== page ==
Subject: Re: port-alpha/5546: port-alpha/lost a stack? exception_restore_regs bombs
To: Ross Harvey <email@example.com>
From: Chris G. Demetriou <firstname.lastname@example.org>
Date: 06/05/1998 17:21:07
> The short version of the story is:
> "I think it's a hardware problem."
Many sources of mchecks are, in fact, hardware errors. However, i'm
not at all convinced that this one would be. (I've no evidence to
back that up, but I don't think i've any evidence to back up any
contrary claim, either, since nobody's interpreted that logout frame
for us all. 8-)
The rest of this message is a WAG, but it might be a useful WAG.
Anyway, some comments on other stuff in this thread:
> The PC decodes as:
> (gdb) x/i 0xfffffc0000300354
> 0xfffffc0000300354 <exception_restore_regs>: ldq v0,0(sp)
this is likely to be a red herring. Most, or at least many, machine
checks are asynchronous. (There are some exceptions, and i'll go into
that -- and my theory -- in a few lines.)
> You also need to print out the platform-specific (i.e. KN8AE) logout area,
> which will have the ECC memory error information, etc.
I think this is the key, but not because of memory error information.
(As noted, ECC-fixable problems would have been reported as
correctable errors, not machine checks.)
I think this platform-specific information will give you lots of
useful information about your I/O controllers, which is where i'd
guess the problem lies.
In particular, note that PCI aborts, such as when doing configuration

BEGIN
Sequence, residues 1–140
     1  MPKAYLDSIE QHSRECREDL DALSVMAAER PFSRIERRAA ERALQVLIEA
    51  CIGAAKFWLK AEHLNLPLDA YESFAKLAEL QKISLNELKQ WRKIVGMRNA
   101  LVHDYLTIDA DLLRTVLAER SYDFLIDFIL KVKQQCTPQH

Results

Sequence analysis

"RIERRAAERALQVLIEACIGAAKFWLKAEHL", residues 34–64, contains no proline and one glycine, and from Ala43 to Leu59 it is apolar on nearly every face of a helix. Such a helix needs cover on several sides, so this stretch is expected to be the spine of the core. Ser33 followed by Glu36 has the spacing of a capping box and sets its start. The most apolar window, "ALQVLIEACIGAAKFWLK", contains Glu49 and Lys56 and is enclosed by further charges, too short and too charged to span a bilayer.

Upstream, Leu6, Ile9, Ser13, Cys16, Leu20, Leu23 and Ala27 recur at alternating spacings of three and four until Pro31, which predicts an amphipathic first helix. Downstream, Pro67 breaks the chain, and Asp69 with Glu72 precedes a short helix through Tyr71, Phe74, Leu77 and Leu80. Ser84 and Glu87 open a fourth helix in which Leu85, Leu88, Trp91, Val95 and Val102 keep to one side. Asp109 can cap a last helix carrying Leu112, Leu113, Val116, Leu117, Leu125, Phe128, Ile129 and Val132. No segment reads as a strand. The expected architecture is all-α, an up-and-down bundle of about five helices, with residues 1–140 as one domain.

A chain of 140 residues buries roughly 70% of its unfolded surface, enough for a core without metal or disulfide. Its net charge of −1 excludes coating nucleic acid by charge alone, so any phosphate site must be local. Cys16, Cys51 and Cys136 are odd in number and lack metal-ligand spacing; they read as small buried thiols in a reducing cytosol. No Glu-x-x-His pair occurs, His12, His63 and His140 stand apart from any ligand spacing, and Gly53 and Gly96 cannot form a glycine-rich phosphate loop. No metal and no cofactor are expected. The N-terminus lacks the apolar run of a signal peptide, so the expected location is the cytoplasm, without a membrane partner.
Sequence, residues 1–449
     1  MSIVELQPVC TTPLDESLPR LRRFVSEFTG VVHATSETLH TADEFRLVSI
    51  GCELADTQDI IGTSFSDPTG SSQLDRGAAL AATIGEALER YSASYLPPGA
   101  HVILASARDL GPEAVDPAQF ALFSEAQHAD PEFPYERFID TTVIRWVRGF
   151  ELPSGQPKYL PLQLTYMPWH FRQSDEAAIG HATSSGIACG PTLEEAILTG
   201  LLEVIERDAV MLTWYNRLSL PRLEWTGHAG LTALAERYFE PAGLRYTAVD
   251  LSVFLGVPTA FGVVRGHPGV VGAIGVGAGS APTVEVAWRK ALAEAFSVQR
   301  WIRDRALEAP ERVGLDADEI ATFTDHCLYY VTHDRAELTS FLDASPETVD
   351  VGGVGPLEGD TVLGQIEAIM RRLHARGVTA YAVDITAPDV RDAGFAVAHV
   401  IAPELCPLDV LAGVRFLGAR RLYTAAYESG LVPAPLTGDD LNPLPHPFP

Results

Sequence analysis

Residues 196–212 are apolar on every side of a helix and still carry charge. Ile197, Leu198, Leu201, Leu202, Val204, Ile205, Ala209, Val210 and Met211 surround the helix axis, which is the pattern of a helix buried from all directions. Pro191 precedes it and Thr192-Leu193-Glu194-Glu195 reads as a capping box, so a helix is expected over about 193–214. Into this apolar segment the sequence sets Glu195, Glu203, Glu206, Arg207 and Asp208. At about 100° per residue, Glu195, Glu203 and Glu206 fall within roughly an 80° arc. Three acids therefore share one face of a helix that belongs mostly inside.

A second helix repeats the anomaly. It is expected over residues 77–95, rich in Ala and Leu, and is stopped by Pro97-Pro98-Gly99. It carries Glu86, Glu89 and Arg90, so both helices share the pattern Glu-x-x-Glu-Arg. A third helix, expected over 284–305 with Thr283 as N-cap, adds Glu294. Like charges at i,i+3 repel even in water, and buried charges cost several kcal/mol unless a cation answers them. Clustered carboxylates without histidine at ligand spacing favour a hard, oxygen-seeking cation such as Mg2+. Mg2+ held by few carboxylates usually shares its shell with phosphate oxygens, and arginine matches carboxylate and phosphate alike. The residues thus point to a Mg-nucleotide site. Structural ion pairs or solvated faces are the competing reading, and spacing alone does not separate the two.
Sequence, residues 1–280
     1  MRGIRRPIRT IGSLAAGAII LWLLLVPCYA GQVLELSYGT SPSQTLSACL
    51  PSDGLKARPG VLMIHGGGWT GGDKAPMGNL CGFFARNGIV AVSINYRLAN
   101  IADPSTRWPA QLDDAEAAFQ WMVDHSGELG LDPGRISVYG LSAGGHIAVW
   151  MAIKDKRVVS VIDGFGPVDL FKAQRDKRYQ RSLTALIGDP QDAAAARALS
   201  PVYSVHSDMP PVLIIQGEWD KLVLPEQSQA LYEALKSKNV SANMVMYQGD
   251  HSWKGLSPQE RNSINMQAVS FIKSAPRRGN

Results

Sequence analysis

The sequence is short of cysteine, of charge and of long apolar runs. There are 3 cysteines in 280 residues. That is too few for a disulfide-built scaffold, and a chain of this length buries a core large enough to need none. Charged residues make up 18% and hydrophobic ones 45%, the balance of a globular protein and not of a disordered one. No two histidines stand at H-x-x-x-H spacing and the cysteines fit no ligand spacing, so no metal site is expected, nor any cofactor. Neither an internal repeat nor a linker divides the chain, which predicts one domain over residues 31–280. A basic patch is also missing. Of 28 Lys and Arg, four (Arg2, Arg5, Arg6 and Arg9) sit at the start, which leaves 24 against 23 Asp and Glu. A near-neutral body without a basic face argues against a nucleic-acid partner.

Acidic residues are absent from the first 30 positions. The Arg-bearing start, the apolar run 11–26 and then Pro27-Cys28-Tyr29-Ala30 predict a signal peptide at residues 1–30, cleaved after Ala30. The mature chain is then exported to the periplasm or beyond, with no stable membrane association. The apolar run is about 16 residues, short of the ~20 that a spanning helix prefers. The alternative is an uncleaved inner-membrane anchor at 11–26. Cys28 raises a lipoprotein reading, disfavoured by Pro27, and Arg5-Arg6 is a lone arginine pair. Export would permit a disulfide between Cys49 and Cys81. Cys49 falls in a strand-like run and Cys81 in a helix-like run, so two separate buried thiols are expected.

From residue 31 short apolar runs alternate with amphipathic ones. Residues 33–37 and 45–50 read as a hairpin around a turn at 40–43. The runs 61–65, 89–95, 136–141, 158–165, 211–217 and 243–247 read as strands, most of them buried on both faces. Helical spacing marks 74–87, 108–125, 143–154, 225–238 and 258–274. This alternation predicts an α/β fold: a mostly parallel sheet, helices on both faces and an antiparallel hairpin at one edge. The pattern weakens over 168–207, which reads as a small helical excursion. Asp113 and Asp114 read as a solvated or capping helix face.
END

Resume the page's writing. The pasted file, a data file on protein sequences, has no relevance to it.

(or other) accesses to space which doesn't exist, can yeild machine
checks (typically vector 660, if i recall, but my memory is rather
fuzzy in that area). Note that these machine checks are expected,
taken, and survived!
I would expect that similarly, devices trying to DMA to SG-mapped
space where the translation is invalid (or bogus) could have a similar
I would suggest:
(1) dumping all of the information you can from the platform-specific
logout area. That is, not just numbers, but interpretation of numbers
too. That and the rest of the mcheck information _should_ tell you
exactly what caused death, _if_ you can interpret it.
(2) if you can't squeeze meaningful information out of the logout
frames, i'd strongly suggest dumping all of the information you can
about device DMA state, both from I/O controller registers and kernel
data structures. Sure, it's only a WAG, but it's a somewhat-educated
WAG, and lacking better information seems like a good candidate for
trouble, _especially_ if you have lots of DMA accesses going on.
Note that if you're not actually using SG-mapped DMA for the things
you're beating on, on that system, then my WAG is more WA and less
likely to be a valid G. 8-)